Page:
There are certain words, if absent in a given sentence does not make any difference.

For an example,

Either today is Monday or Tuesday.

Can also be written as:

Today is Monday or Tuesday.

These two sentences are exactly same without any loss of meaning per se.

The only word that came across in my mind is filler. But, I am not happy with this word. It does not encompass entire meaning to what I am looking for.

If I want to say:

"Either is called ____ in above example. Its absence in the sentence will not make any difference in the meaning of the given sentence."

  • 1
    Either in the above sentence is not unnecessary. It serves a purpose. You may find a better example.
    – Kris
    Jan 30, 2019 at 10:27
  • I am studying logic and this example is coming right from well know book. Also, there are tons of similar examples where Either ... OR is simply normalized to OR because Either doesn't add any extra sense to sentence.
    – Ubi.B
    Jan 30, 2019 at 10:32
  • Good that you are approaching it from the logic perspective. Either is not unnecessary. It is part of the structure. However, it may be dropped without change of meaning because it is understood (to be there). You see the logic of omitting it, I suppose.
    – Kris
    Jan 30, 2019 at 10:35
  • @Kris Is this sentence grammatically incomplete: "Today is Monday or Tuesday." Thanks for taking interest in my question :)
    – Ubi.B
    Jan 30, 2019 at 10:39
  • To me usage of "Either" (also given in book) is optional.
    – Ubi.B
    Jan 30, 2019 at 10:40

3 Answers 3


Either today is Monday or Tuesday contains the correlative conjunctions either/or. Peters in The Cambridge Guide to English Usage (p300) lists correlatives as one example of grammatical redundancy. She defines redundancy as:

...a general term referring to where the same grammatical meaning is expressed more than once in a clause or sentence.

She says that the use of correlatives makes for 'good style', and notes that redundancy such as in the inclusion of either in the OP's example:

...is particularly useful in spoken discourse because speech is a linear form of communication that disappears into the air waves. The repetition or underscoring that goes with redundancy helps ensure that details of the message don't get lost.

So, to complete the OP's sentence:

"Either is redundant in above example. Its absence in the sentence will not make any difference in the meaning of the given sentence." (But its inclusion serves to underscore the alternative nature of the two elements Monday or Tuesday.)

Another term which denotes the inclusion of superfluous words is tautology. Tautology refers to the repeated expression of the same idea in a single phrase or predication (Peters, 335):

For example the free gift used in advertising copy; or the phrase in the classroom context where "context" adds an unnecessary superordinate to the preceding adverbial.

Pleonasm is the term that subsumes redundancy and tautology (Wikipedia links).

  • I am happy with your answer :) Can you please use it in the given sentence? I will appreciate it. Thank you every much. You captured the idea I was trying to express.
    – Ubi.B
    Jan 30, 2019 at 11:33
  • And sorry, I don't have enough reputations to up vote your answer.
    – Ubi.B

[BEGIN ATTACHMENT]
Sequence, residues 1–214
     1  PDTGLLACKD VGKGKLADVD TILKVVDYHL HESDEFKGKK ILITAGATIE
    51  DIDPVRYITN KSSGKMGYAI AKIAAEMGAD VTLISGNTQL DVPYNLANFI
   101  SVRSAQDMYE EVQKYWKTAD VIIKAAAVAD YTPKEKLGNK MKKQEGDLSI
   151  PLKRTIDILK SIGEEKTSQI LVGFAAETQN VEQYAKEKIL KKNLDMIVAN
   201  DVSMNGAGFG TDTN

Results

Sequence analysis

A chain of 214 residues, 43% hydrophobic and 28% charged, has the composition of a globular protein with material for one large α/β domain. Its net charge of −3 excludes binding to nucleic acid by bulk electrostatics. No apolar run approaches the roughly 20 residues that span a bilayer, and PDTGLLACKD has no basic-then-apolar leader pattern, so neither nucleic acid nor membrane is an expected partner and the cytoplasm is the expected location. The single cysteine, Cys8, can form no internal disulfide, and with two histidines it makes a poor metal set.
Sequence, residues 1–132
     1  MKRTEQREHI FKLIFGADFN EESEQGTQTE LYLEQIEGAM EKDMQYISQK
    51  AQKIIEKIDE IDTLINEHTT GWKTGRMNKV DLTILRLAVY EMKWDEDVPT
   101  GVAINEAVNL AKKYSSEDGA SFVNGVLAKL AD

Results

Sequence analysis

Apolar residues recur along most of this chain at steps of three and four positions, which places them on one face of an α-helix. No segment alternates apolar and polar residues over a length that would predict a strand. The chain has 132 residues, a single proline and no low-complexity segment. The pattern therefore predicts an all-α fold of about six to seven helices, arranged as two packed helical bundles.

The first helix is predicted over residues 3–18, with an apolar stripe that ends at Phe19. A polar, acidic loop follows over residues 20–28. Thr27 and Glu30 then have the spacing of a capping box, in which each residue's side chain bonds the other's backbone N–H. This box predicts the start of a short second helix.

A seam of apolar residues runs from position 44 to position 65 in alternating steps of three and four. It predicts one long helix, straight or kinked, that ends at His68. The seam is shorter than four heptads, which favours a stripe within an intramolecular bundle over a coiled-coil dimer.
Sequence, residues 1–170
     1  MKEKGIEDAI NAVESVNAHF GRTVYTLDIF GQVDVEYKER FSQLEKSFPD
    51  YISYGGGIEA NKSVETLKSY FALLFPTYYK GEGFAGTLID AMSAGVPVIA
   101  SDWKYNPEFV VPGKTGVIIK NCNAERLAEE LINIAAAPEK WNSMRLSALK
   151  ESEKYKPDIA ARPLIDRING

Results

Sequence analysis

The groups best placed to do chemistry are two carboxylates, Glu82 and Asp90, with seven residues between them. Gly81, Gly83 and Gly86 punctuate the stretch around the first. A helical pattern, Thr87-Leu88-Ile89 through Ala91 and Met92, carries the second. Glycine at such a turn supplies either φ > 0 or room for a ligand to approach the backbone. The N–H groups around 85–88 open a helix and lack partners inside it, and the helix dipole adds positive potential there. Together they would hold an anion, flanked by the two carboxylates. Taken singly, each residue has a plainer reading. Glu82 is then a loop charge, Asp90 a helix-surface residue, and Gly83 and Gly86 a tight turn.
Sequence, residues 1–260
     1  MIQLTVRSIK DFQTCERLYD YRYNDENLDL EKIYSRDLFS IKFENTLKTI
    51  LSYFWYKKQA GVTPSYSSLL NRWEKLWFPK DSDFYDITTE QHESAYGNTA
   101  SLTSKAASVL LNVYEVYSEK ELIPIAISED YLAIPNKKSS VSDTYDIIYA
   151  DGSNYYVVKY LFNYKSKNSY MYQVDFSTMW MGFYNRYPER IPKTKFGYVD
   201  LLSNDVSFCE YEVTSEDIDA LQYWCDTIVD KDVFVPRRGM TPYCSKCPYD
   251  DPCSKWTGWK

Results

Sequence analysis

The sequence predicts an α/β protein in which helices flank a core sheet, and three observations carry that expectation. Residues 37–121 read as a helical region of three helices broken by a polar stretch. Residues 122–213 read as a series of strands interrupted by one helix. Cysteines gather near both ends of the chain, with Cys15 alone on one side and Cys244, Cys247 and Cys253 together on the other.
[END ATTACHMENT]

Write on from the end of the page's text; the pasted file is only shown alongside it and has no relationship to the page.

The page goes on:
Jan 30, 2019 at 11:34
  • @EVG. Done. (As far as I know all askers can accept their chosen answer to the question they posed.)
    – Shoe
    Jan 30, 2019 at 11:38

This word can be called superfluous.

According to Merriam-Webster's Dictionary (https://www.merriam-webster.com/dictionary/superfluous):

1a: exceeding what is sufficient or necessary  : EXTRA

b: not needed  : UNNECESSARY

  • The word superfluous is used in relation with something extra or more. Like you ask me 5 apples and I give you 10 apples at that time 5 extra apples are superfluous. I am looking for word which means - not needed in first place. Thank you any ways!
    – Ubi.B
    Jan 30, 2019 at 10:22
  • Note "b: not needed" in the answer above.
    – Kris
    Jan 30, 2019 at 10:26
  • @Kris "b: not needed" because it is extra than required. Whereas I am looking for: not needed in first place at all.
    – Ubi.B
    Jan 30, 2019 at 10:28
  • Please make it clearer. See also my comment at the question.
    – Kris
    Jan 30, 2019 at 10:29

By having "it is either" announces the day can be no other than the two presented without arguement. Without it, the sentance allows space to say (for example) " no, it's still Sunday".

Ergo, it has a purpose and not superfluous.

  • Well I am sorry to say, but you are wrong here.
    – Ubi.B
    Jan 30, 2019 at 11:22
  • How am I wrong? By setting parameters...i
    – melt
    Jan 30, 2019 at 12:28
  • +1 Quite so. The use of either explicitly restricts the choices to only the two options presented. There is a semantic difference between I don't know what to do. I could watch a movie or read a book . . . and I don't know what to do. I could either watch a movie or read a book . . . Without either, there is the possibility of deciding something other than those two choices. Jan 31, 2019 at 6:42
  • @JasonBassford thanks for taking time and giving your input :) Jason, there is difference between Inclusive OR (Either...OR or just OR) and Exclusive OR (Either...OR). In study of (formal) logic Inclusive OR is understood and in day-to-day language usage idea of Exclusive OR is more common. Exclusive OR does not understand the idea of both option at the same time. e.g. you like to eat apple or banana means you have to choose one out of given two, but in logics where inclusive OR is common you can choose both. Thanks!
    – Ubi.B
    Feb 1, 2019 at 2:05
  • @melt I have given common reply above. Once again thanks!!!
    – Ubi.B
    Feb 1, 2019 at 2:06

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